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Rare Signals Transatlantic Plate Reverb

Formats: Mac & PC VST & AAX; Mac AU By Paul White
Published February 2019

Rare Signals Transatlantic Plate Reverb

Reverb technology is constantly evolving, but the vintage electro-mechanical studio plate remains a firm favourite with engineers and producers. Maybe its popularity is due in part to the fact that a plate doesn't suggest any specific type of acoustic environment — it just gets on with the job, fitting in with most musical genres. Its reverb is characterised by a rapid build-up in density, a lack of defined early reflections and just a hint of metallic overtones, all of which contribute to making it sit comfortably in a mix.

Rare Signals are new players in the plug-in market, and Transatlantic Plate Reverb is their first product. It was developed by recording impulse responses from two hand-picked and fine-tuned plate reverb units. One was custom-built in Nashville in the '70s, while the other is a classic German design — hence the Transatlantic name and the front-panel US/EU switch, which flips between the two plates.

The control panel is clean and uncluttered, presenting just five knobs, a 12-step decay time rotary control and two switches. Each decay setting is derived from a separate impulse response recorded with the plate damped accordingly, so there's no time-stretching going on. The longest available decay time is around six seconds for the EU plate and four for its American counterpart. To the right of the panel is a pre-delay control, providing up to 160ms of delay, while wet/dry mix and output level controls are joined by filters that respectively cut the low frequencies in the input signal and the high frequencies in the output. A Link button allows both EQ controls to change together as mirror images of each other when you turn just one of the controls. An animated graphic reflecting aspects of the audio signal doesn't provide much useful information, but adds visual interest.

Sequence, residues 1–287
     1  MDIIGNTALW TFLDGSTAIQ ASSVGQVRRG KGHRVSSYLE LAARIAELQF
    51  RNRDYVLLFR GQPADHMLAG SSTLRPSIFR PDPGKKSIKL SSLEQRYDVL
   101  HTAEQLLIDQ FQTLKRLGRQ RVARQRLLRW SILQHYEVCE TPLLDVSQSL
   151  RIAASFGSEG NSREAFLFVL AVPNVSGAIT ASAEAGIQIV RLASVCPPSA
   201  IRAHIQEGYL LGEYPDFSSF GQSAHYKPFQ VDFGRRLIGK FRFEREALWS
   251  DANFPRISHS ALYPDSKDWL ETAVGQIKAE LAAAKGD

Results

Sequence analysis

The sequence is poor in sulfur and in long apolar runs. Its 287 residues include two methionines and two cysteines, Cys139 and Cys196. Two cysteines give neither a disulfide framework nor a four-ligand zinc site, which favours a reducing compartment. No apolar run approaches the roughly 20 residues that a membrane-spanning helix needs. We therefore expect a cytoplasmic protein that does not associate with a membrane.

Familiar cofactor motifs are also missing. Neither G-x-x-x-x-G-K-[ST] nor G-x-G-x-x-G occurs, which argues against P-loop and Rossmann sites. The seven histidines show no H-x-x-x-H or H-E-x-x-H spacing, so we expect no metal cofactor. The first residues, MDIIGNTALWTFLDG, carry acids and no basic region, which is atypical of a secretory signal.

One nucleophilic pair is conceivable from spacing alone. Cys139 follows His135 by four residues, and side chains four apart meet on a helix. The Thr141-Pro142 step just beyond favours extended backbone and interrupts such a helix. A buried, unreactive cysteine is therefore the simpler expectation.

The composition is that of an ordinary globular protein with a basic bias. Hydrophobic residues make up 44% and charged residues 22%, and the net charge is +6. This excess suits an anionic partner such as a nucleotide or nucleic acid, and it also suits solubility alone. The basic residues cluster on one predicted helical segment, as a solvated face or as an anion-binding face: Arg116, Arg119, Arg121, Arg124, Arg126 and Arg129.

Some algorithmic plate reverb emulations can sound grainy when applied to percussive sounds, but as this one uses IRs taken from the real thing, it sounds appropriately clean and dense, capturing a very nuanced plate character. It works wonders on TR-808-style drum parts as well as vocals. In comparison with other high-end plate plug-ins from Waves and UA, the Transatlantic Plate offers a slightly different tonality, but I wouldn't say that any one sounds better than the other — it's more like the sort of difference you might hear between two real plates in different studios. CPU loading is fairly modest for an IR-based reverb, though I did find that large CPU spikes occurred if I tried to change the decay time with a track playing. This is quite understandable as switching decay times involves the plug-in loading a new IR.

Tonally, the US and EU flavours are noticeably different. The US model is unusually bright and airy for a plate, while the EU plate produces a thicker sound with more mid-range aggression. Both sound very authentic and it is good to have a choice. Don't be put off by the modest control set and streamlined interface: this is a seriously good plate reverb and a very strong first product for Rare Signals. I can't wait to see what they come up with next.